This ordinary little ant has done an extraordinary thing. Yet, if he were any other insect he would not have been able to achieve this extraordinary act. He was born with the gift of being an ant.
We tend to act as if being human is no special thing. Like the ants, we seem ordinary as a whole. We all seem the same at the most basic level. So we walk around almost as if it is a barrier to be human, when it is, in actuality, a strength. No other known creatures can do what we can do. Period.
It is a gift to be human.
Dalia Mogahed, a very successful researcher who studies Muslim communities, was asked at the end of her TED talk what she would say to people who saw her as an exception to the rule. This was her brilliant response:
“I would say, don’t let this stage distract you. I’m completely ordinary…I am not in any way an exception. When you meet people who seem like an exception to the rule, oftentimes it’s that the rule is broken, not that they’re an exception to it.”
I believe the broken rules are the lies we’ve bought in to and these lies have led to a broken world. But, I’ve found the apparent exceptions – the people who live extraordinary lives – stopped buying in or never bought in at all. They decided they were going to spend their lives changing the rules so their lives and even the world might be different.
If a knife was being held to the delicate skin between your chest and your chin, I speculate that your one most pressing desire in that moment would be to live. You probably wouldn’t be thinking about how badly you’re craving a latte or how you really wish that girl would call you back.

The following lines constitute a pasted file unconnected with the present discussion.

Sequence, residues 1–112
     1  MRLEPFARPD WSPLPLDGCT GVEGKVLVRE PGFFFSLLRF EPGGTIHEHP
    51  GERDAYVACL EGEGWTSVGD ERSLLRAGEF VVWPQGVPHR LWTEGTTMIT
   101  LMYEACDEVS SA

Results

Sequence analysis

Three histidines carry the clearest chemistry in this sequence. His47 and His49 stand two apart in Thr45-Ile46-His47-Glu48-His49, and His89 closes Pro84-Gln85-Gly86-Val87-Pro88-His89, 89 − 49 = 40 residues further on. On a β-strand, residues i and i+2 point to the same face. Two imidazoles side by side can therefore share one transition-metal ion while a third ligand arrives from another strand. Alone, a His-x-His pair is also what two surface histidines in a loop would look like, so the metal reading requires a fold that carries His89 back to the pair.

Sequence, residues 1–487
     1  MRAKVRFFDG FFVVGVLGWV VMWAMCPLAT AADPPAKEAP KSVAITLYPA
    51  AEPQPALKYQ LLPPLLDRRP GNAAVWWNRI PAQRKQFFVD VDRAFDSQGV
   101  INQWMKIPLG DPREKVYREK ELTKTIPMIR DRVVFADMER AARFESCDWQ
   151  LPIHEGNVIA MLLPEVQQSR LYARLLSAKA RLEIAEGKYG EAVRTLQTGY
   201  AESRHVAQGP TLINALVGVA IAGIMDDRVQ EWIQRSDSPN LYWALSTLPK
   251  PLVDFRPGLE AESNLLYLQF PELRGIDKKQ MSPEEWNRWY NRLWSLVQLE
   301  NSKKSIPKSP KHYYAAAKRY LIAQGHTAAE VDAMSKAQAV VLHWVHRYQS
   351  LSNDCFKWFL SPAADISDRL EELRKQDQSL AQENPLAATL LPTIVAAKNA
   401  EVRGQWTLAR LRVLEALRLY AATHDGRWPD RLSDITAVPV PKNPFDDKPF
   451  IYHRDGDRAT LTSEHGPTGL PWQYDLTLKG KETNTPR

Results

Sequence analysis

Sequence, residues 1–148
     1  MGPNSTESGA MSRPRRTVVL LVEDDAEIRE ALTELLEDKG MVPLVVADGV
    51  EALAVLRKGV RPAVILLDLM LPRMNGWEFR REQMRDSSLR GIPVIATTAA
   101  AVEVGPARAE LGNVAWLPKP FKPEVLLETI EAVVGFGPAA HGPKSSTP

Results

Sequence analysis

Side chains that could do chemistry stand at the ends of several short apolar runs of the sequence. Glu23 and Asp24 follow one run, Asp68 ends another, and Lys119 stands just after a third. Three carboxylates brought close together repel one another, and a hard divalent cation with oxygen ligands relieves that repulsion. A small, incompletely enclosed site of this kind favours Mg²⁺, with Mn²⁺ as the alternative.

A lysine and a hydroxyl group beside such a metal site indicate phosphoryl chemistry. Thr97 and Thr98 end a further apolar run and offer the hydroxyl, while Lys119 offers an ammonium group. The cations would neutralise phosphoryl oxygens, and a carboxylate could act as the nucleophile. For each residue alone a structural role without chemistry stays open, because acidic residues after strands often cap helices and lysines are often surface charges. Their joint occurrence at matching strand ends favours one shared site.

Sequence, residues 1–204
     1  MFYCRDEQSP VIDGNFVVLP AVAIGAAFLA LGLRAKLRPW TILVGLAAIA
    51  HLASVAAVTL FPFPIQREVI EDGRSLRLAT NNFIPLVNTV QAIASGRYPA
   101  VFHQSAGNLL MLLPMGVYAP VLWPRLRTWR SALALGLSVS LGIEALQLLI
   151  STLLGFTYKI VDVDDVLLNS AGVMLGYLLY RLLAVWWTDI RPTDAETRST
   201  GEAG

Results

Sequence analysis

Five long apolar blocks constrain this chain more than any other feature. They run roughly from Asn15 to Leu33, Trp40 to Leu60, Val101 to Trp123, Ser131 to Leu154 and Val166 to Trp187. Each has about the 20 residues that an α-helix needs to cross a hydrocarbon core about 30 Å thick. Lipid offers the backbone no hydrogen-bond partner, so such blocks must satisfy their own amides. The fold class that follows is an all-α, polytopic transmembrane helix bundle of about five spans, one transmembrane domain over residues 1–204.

Living is quite possibly our most true desire. Yet, most of us are not really living. We are surviving at best. We are surrendering to average lives and comfortable deaths. We play victim to monotony, as if it was going to win-out anyway.
We stay in line.
We let the broken rules rule us.
Remember, though, you couldn’t distinguish the ant that found the watermelon from any other ant, except for the fact that he stepped out of the single file line and into greatness.
Like my friend, Eric, who decided around age 40 he was going to start a denim company – in Detroit of all places – because he loved jeans! Eric taught me it’s never too late to pursue your dreams, and he taught me that even the most brokenhearted cities still have a heartbeat.
Or my friends, Tom and Cait, who showed me the world is truly my backyard, my play-place. They left behind the lie that a 9-5 job and owning a home filled with stuff was the key to happiness. They have been traveling and working across America in a fifth-wheel RV, seeing more in a few months than many of us see in a lifetime.
Or like my pastor friend, Scott, who actually practices what he preaches. Most of us are passionate about the poor in so much as we have a little extra money in our bank accounts to give to charity. Scott and his family give their entire lives. They refused to buy in to the lie that comfort trumps risk. They left their comfortable suburban lives; now, they live and move and breath with and for the poor in Nicaragua.
What single file line are you in and how long are you going to stay there? What broken rules need fixing? What is going to be your act of ordinary human greatness? How are you going to start living?
My extraordinary friends would all tell you they are pretty ordinary. Well, they are all from the great state of Michigan! But none of them were born into greatness; they knew greatness was born in them. And they knew it was their responsibility not to waste the gift of being human.